the tendency of the historian to divide history into successive stages, in each of which some race or nation plays its leading part

the political conditions under which it [Greek law] developed were more nearly akin to those of the English-speaking peoples today than were those amid which the predominant elements in Anglo-American law took shape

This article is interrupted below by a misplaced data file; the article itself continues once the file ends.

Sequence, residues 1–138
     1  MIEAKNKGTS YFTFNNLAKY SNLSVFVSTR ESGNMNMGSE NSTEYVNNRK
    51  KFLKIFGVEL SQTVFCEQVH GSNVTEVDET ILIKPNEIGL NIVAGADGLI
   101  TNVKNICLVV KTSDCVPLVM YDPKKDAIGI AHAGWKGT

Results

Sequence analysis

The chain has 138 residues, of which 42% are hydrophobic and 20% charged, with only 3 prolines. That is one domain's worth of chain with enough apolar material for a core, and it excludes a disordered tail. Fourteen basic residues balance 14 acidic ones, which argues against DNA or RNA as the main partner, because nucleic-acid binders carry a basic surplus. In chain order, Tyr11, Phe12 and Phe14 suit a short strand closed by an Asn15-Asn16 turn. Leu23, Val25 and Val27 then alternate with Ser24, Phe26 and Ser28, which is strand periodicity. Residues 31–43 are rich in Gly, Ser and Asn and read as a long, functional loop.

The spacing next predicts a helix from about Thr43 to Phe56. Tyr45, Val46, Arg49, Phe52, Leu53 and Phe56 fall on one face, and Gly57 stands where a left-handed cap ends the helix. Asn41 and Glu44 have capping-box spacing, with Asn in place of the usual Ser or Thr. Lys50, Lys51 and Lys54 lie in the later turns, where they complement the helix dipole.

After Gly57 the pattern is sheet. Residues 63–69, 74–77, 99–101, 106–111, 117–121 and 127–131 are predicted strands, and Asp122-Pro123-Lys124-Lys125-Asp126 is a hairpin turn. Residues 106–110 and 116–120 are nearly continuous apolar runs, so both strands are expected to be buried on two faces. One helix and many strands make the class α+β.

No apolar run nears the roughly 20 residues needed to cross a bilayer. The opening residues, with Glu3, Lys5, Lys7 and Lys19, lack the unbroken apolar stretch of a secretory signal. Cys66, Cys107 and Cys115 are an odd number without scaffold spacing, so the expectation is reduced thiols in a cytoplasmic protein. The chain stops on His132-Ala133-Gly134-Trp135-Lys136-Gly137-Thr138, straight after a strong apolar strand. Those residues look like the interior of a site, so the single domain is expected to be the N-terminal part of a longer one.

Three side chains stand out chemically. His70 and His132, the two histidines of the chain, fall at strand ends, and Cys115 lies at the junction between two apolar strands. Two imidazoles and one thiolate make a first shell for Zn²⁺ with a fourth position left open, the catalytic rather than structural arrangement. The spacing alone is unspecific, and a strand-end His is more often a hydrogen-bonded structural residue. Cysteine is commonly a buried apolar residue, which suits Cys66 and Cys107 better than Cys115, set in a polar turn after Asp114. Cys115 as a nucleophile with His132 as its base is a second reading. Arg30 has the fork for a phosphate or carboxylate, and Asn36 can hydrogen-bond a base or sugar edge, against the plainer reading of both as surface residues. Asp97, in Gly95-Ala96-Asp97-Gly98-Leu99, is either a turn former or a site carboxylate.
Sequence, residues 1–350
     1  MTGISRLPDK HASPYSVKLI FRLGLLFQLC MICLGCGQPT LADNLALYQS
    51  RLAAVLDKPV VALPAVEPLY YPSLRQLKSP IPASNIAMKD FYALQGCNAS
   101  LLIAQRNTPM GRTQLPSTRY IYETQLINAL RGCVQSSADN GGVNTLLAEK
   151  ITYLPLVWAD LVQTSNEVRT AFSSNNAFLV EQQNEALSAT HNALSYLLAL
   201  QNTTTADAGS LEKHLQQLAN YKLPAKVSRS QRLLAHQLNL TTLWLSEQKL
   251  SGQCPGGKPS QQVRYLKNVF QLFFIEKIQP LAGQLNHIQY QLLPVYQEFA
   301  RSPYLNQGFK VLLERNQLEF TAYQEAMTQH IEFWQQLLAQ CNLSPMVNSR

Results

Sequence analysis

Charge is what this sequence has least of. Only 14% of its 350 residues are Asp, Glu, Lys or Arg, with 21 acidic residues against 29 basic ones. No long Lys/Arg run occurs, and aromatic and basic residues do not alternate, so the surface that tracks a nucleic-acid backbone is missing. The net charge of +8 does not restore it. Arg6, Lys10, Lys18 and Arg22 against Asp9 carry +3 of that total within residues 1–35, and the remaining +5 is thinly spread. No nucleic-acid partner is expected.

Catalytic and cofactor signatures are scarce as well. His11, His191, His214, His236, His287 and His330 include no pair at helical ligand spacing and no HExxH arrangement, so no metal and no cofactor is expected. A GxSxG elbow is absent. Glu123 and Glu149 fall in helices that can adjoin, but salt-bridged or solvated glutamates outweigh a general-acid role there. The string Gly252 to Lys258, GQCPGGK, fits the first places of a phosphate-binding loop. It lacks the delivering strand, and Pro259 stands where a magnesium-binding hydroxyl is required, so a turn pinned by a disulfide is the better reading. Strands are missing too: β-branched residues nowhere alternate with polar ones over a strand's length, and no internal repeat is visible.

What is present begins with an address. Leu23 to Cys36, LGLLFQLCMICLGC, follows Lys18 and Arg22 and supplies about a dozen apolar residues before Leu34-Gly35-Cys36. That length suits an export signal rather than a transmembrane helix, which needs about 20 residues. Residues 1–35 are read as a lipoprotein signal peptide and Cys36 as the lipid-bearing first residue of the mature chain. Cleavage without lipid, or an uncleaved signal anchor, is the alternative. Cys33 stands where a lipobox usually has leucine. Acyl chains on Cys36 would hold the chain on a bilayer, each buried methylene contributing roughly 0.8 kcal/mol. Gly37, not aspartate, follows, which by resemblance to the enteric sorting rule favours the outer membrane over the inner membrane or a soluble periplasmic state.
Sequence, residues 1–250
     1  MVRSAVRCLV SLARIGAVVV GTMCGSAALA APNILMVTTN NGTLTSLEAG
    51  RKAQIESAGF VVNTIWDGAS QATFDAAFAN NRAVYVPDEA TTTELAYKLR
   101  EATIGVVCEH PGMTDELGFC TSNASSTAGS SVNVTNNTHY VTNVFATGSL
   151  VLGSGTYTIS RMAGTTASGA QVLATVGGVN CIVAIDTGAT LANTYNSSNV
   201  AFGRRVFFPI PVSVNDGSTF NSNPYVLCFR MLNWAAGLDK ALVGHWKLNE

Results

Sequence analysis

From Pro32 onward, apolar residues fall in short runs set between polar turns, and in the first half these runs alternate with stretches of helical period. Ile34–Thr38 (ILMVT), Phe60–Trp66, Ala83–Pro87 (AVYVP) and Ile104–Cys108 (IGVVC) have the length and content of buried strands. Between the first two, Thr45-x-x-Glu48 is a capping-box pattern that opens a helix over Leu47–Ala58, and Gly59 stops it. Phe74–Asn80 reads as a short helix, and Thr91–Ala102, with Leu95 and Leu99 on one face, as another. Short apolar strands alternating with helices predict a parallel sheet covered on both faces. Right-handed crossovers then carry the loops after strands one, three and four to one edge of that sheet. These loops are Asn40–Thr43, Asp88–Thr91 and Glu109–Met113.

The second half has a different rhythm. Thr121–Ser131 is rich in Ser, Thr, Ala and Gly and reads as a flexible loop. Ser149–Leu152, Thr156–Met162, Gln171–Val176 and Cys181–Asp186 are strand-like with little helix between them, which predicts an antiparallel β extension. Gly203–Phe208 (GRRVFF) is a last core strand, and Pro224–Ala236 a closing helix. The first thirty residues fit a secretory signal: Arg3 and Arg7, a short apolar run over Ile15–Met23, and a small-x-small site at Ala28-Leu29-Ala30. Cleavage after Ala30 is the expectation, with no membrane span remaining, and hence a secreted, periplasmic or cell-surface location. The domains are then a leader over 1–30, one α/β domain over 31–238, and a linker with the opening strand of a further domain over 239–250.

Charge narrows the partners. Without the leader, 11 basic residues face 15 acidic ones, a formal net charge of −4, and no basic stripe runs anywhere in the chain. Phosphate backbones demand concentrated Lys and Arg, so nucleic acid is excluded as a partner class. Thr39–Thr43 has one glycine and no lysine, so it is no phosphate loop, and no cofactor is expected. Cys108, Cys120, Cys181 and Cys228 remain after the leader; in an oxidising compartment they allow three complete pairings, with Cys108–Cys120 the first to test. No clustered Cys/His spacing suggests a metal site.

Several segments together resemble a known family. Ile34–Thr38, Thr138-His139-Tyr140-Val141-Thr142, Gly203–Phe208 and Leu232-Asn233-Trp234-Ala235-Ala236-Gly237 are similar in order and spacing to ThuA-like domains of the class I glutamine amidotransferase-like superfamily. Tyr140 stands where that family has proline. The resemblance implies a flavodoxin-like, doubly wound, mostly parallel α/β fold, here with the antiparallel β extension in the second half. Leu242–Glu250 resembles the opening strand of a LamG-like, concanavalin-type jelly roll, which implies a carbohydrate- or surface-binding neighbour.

Romans, like others, might sneer even while they copied

the thoroughgoing analysis of Greek thought merged the science of law in the greater science of which it is properly a part, politics

the general trend of the changes now being made or considered in law and procedure, both in this country and in the British empire, is toward the practice, and perhaps the theory, of the Attic law

George M Calhoun